Other professional advisers will feature in many restructurings. The banks and bondholders might appoint their own financial advisers to assist them in understanding the company's financial information and prospects, and to advise them on the financial implications of the company's restructuring plan.


It might seem strange to mention shareholders as a party in a restructuring. They will often be the last people to receive a return in a bankruptcy process. If the company is listed, it will be subject to capital markets legislation that might, in certain cases, require shareholders' consent (for example, Capital Markets Board Communiqué I/31) if the restructuring plan involves a large asset disposal programme.

The main steps in the process

Most debt restructurings involve the following stages:

  • The organizational stage.
  • Signing confidentiality agreements and negotiating the standstill agreement.
  • Agreeing the restructuring plan and negotiating the restructuring documents to effect the plan.
  • Implementing the plan.

The organizational stage

For the company, this will involve appointing professional advisers (in particular, lawyers) and possibly a CRO.

The banks will need to organize themselves to conduct the restructuring negotiations. The lead or agent bank will form a steering committee. The lead or agent bank will be the bank that has been given that role in the original loan documentation and will often be the bank with the largest exposure or the bank that originally negotiated the loan before it was syndicated. The steering committee will consist of a number of the syndicate banks and will be authorized by the syndicate to make decisions on its behalf. For example, the committee will be primarily responsible for negotiating the standstill agreement and the restructuring documents (although in both cases, the documents will usually have to be made conditional on each member of the bank syndicate obtaining its own necessary internal approvals).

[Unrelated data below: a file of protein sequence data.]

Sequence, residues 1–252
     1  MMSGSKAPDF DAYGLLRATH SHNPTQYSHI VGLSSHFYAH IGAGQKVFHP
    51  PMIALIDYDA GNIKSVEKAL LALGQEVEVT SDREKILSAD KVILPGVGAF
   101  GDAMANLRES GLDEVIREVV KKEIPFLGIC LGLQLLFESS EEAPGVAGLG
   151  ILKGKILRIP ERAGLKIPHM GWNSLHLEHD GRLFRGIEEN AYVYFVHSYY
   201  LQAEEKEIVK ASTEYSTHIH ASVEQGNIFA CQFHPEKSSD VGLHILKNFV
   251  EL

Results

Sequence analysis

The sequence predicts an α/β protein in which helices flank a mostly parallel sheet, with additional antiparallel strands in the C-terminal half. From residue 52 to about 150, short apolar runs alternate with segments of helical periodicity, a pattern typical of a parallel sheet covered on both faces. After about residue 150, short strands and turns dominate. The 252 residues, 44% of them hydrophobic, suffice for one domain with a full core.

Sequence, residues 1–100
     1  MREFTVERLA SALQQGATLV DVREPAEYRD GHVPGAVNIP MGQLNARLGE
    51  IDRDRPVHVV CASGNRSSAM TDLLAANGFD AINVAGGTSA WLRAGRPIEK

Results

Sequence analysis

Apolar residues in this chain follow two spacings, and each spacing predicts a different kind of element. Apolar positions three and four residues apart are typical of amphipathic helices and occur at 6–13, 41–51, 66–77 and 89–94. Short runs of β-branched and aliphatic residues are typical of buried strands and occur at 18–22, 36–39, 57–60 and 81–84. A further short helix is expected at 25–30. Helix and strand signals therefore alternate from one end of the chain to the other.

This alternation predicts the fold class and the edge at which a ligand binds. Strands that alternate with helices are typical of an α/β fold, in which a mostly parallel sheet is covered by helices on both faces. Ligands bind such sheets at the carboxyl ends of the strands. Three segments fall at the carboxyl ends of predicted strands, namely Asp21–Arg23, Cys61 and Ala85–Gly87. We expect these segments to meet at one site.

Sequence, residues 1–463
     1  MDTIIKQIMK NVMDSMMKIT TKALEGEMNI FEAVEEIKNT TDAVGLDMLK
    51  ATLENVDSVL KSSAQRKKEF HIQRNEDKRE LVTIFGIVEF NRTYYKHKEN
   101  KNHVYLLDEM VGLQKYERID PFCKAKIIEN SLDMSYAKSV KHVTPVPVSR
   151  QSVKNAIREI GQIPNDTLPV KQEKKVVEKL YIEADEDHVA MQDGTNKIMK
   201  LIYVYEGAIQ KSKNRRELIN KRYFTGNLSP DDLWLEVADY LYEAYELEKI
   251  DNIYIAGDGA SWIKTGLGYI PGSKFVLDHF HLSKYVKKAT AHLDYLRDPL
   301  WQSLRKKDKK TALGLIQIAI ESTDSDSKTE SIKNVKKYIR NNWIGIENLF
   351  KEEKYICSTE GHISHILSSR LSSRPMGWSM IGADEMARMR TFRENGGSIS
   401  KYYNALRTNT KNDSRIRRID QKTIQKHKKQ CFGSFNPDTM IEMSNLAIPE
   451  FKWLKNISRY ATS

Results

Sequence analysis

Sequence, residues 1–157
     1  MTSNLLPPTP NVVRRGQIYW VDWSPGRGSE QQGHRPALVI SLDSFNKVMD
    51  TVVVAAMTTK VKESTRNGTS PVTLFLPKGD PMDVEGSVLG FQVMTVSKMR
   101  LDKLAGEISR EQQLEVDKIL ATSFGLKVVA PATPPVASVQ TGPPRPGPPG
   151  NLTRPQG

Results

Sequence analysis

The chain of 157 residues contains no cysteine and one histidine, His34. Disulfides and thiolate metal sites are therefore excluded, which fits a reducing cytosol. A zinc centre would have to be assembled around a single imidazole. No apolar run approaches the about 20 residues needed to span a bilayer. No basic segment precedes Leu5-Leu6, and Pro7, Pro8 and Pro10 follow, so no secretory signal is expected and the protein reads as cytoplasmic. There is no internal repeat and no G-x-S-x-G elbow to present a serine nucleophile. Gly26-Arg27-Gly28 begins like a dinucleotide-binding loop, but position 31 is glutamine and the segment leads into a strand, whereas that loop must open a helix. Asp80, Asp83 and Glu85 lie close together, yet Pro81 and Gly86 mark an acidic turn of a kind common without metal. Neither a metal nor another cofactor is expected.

Once the participants in the restructuring (for example, banks, bondholders) have organized their representation for participating in the restructuring process, the management will wish to meet the various creditors' committees as a matter of urgency.

Confidentiality and standstill agreements

Confidentiality agreement

An early step in the restructuring process is for the company to agree confidentiality agreements with the creditors participating in the restructuring process. Once the confidentiality agreements are signed, the company can start sharing information with the creditors about its business and affairs and about the other participants' claims against the company.